An Orthopedic Specialist Busts 5 Common Myths About Sports Injuries

Sports Injury Myths

If you’re suffering from a sports injury, don’t let these common misconceptions hold you back from a full recovery.

Many athletes are exposed to inaccurate information about what it takes to recover from a sports injury. Unfortunately, these myths may not only compound a severe injury, but delay the healing process, as well.

As orthopedic specialists, part of our job is to dispel these misconceptions so our patients can get back in the game. Here are five of the most common myths regarding sports injuries — followed by helpful tips for recovery.

1. You Can Train Through the Pain

The “no pain, no gain” mantra actually does more harm than good. The purpose of exercise is to strengthen muscles, improve flexibility, and build endurance, so you should expect to feel tired and a bit sore after a run or strenuous workout. But if the pain is severe, persistent, or follows a sudden trauma such as a blow to the body or a nasty fall, then you should take a break and seek treatment.

2. Rest Will Cure the Injury

While it’s recommended that you give yourself time between workouts to heal from minor soreness, stopping all activities will not cure a significant orthopedic injury. Rather, low-impact exercise gives the injured muscles and tissues the restorative blood flow they need. A physical therapist can guide you through exercises that work the muscles without causing further pain.

3. Strength Will Prevent Injuries

Strength conditioning is an important element of a well-rounded exercise routine. Strong muscles allow you to perform resistance exercises such as weight lifting, jumping, and running. On the other hand, merely strengthening your muscles will not prevent an injury. You could still rupture a muscle or tendon if you work out when you’re tired or dehydrated. Ideally, strengthening exercises should be done every other day in slow, steady repetitions that gradually build strength.

4. Stretching Will Prevent Injuries

You’ve probably been told it’s essential to stretch before a workout. Of course, warming up prior to vigorous activity primes the muscles for a demanding workout. But, as with strengthening exercises, stretching muscles will not prevent an injury. In fact, stretching a severely strained muscle without giving it proper time to heal could worsen the strain. Instead of intensive stretching, you should warm up by doing less strenuous versions of the exercise — a light jog or a few slow-motion practice swings with a baseball bat or tennis racket. With these dynamic movements, you can gently stretch your muscles and prepare for your workout.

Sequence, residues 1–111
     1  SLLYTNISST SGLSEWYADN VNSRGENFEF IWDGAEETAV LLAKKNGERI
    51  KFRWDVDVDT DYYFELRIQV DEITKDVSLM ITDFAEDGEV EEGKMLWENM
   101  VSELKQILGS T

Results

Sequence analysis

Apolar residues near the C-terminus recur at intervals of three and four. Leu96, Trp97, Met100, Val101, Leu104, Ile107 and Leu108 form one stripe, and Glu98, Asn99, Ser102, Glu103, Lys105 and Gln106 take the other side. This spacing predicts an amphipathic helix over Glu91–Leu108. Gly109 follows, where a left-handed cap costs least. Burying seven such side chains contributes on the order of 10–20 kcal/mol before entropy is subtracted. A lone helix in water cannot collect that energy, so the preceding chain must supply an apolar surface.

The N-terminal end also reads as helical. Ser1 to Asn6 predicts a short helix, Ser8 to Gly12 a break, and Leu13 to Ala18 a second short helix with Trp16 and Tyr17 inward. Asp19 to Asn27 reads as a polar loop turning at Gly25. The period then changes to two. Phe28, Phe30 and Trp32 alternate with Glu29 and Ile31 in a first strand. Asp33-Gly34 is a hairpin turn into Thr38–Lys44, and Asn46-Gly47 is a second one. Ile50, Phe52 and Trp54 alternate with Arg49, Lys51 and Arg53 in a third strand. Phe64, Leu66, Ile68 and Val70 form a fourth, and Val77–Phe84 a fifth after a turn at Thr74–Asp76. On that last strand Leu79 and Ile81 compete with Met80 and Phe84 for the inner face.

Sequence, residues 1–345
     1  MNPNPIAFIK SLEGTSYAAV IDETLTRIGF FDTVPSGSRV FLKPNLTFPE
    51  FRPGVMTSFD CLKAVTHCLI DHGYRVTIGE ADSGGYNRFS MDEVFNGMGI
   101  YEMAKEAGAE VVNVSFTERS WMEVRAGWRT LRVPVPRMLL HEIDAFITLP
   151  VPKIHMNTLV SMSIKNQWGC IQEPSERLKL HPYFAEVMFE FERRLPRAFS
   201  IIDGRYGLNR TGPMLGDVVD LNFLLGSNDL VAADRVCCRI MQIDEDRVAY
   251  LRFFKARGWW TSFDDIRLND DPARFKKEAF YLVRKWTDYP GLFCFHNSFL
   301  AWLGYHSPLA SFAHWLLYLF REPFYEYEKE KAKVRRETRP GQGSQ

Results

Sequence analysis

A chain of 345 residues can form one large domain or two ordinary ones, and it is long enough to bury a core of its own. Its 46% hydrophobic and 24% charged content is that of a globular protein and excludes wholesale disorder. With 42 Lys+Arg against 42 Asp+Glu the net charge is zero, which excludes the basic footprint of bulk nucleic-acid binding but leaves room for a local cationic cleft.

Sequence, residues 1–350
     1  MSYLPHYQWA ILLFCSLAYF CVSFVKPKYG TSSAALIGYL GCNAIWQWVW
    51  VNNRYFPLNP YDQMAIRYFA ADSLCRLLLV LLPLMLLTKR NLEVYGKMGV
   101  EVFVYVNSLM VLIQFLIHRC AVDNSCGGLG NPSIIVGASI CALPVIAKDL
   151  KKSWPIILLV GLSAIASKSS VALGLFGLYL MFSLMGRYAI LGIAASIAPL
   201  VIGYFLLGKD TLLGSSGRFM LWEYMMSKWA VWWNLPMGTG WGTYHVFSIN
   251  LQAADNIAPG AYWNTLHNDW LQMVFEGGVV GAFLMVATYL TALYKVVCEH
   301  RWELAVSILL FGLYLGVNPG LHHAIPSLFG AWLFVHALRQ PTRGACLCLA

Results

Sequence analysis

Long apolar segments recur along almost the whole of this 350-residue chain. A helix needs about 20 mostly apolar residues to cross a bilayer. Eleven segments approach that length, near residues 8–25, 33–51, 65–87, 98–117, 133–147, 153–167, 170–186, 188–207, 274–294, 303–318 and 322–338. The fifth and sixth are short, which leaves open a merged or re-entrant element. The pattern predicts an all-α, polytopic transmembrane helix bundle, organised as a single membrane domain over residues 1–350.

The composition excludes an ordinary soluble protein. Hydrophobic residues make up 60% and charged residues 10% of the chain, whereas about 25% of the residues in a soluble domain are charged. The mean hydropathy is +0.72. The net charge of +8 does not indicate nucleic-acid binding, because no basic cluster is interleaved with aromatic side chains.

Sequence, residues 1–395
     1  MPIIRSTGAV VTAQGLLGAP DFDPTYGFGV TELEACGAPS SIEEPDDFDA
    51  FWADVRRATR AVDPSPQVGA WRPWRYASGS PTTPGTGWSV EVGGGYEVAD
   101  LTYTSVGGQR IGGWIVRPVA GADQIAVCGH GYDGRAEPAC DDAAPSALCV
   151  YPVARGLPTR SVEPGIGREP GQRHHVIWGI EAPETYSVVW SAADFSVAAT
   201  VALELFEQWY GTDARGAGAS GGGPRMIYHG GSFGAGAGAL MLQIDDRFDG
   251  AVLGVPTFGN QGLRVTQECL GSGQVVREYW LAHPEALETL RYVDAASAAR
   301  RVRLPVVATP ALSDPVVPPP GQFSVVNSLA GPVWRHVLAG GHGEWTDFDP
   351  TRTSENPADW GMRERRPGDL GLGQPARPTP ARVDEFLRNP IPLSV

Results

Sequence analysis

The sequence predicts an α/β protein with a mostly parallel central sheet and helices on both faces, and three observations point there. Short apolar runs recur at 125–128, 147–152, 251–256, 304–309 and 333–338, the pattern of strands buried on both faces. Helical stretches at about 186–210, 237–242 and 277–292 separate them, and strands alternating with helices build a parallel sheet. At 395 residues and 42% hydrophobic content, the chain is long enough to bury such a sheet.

5. Heat is the Best Treatment

When muscles and joints are injured, blood surges to the area, causing swelling. Applying heat will only increase blood flow, and therefore make the swelling even worse. Conversely, icing the area brings down the swelling and lessens the pain. In certain instances, heat therapy may be used, but always check with your doctor before putting a heating pad on the injured area.

Let Us Help You Heal

At New York Bone & Joint, we’ve treated all types of orthopedic injuries. Whether major or minor, our doctors and physical therapists will advise you on the most suitable therapy to mend your sports injury. We’re here to answer all of your questions and ensure that you receive the most accurate information to make a knowledgeable decision. Contact our office today for an appointment.

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